Cameron Clyde

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Fast Facts
Type of person Individual
Date of birth 1913
Place of birth Murray Bridge


Date of death 2008

Clyde Cameron AO was educated at Gawler High School but left school to become a shearer at the age of 14. During the 1930s depression, he found it hard to find work, this period lit a fire in him that saw Cameron stand to represent the working man. An active member of the Australian Labor Party and Australian Workers Union, Cameron rose through the ranks to become an AWU organiser, then State President, and in 1941, Federal Vice-President of the AWU.

From 1943 until 1948, Cameron learned industrial law and stood as the AWU Industrial Advocate. From 1946, Cameron was South Australian State President of the Labor Party.

Cameron was a member of the Australian House of Representatives for 31 years from 1949 to 1980. He served as a cabinet minister in the Labor Party during the Whitlam Government.

Cameron was awarded the Centenary Medal in 2001.


An extract from Mungo MacCallum's obituary for Clyde Cameron.


Clyde Robert Cameron Minister in the Whitlam Labor government 1973-75. Born Murray Bridge, South Australia February 11, 1914.

CLYDE Cameron set one political record that is unlikely to be broken - not that anyone would want to break it. He sat in the House of Representatives for 31 years, and 28 of them were spent on the opposition benches.

He lived through two world wars as well as Australian deployments in Korea, Malaya and Vietnam and survived three Labor Party splits _ four if you count the defection of Joe Lyons to become a Nationalist prime minister.

It is hardly surprising that he earned a reputation as a bitter and vindictive politician. What is more remarkable is that he had a brief, positive renaissance under Gough Whitlam during which he realised many of his long-term ambitions before, once again, it all ended in acrimony.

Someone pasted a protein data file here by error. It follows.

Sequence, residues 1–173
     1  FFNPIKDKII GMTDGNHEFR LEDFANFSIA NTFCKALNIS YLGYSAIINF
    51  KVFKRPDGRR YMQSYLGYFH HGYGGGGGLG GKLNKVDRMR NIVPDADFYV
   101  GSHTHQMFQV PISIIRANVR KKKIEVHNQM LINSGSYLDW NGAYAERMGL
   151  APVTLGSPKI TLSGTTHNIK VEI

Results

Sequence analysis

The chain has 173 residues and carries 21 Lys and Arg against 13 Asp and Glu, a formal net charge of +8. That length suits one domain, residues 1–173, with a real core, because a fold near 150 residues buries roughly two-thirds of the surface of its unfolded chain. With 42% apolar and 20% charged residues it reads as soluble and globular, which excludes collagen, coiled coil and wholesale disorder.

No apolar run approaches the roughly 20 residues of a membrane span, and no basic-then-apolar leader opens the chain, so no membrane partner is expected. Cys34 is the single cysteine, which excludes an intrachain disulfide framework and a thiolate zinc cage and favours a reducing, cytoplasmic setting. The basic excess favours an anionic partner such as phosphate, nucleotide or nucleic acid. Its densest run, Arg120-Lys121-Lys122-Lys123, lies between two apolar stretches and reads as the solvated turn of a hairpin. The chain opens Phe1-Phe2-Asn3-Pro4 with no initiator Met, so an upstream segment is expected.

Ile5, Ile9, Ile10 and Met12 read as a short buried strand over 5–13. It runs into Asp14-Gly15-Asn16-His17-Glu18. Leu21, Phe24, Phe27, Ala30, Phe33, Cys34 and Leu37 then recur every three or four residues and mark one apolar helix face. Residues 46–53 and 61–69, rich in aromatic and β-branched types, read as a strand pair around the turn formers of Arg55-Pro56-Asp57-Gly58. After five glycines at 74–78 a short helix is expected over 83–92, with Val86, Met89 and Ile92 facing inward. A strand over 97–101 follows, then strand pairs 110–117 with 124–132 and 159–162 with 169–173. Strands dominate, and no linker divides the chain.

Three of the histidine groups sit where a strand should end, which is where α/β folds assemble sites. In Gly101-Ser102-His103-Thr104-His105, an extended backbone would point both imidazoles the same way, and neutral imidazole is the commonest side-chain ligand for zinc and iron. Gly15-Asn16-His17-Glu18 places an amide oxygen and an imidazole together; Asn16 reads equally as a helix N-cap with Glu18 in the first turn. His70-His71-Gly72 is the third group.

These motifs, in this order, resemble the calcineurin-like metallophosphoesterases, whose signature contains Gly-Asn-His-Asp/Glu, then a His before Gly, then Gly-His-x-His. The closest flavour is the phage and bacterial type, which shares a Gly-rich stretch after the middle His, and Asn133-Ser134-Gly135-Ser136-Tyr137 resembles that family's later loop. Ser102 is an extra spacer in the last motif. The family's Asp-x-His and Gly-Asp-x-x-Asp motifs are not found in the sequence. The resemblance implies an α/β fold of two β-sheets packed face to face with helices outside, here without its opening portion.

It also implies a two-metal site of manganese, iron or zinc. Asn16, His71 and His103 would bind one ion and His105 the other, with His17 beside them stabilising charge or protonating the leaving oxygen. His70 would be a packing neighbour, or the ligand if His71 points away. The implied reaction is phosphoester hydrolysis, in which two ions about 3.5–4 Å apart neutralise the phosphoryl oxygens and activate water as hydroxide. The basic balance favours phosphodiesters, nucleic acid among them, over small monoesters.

For about five years, from 1969 until 1975, the two men travelled in lockstep, the firmest of allies _ so much so that after the successful election on December 2, 1972, Whitlam gave his colleague a photograph inscribed, with genuine gratitude, “To Clyde, a principal architect of victory”.

During this period the two men made one of the oddest of political couples ever seen _ even within the ALP, always a party of strange and unlikely coalitions.

Whitlam, the urbane Sydney lawyer, a natural politician of the right, classically educated and well-connected, always prepared to negotiate a path through any obstacles between himself and political victory; a man of high intellect and high ideals, but one who always acknowledged the need for pragmatism.

Compare and contrast, as Whitlam himself often put it, Cameron, a lifelong lefty who had left school at 15 to go shearing, whose politics were forged in bitter and uncompromising disputes within the Australian Workers Union, who never forgave his enemies and saw every contest as a personal challenge to be won by any means available, irrespective of legality or ethics.

What drew him to Whitlam was the shining possibility of finally achieving office.

In every sense _ class, ideology, political backers _ Whitlam was Cameron's natural enemy. But he offered the only hope of Cameron achieving his dream: to become minister for labour and industrial relations.

At the beginning of 1969 Whitlam put it to him as a stark choice: if he joined the bandwagon for reform of the party structure which was needed to persuade the voters that Labor was electable, he could have his heart's desire. The alternative was to grow old in opposition. Cameron went for the gold.

But it was all to end in acrimony, for which he never forgave Whitlam.

Mungo MacCallum


Please <click here> to view Clyde Cameron's Gawler connection.

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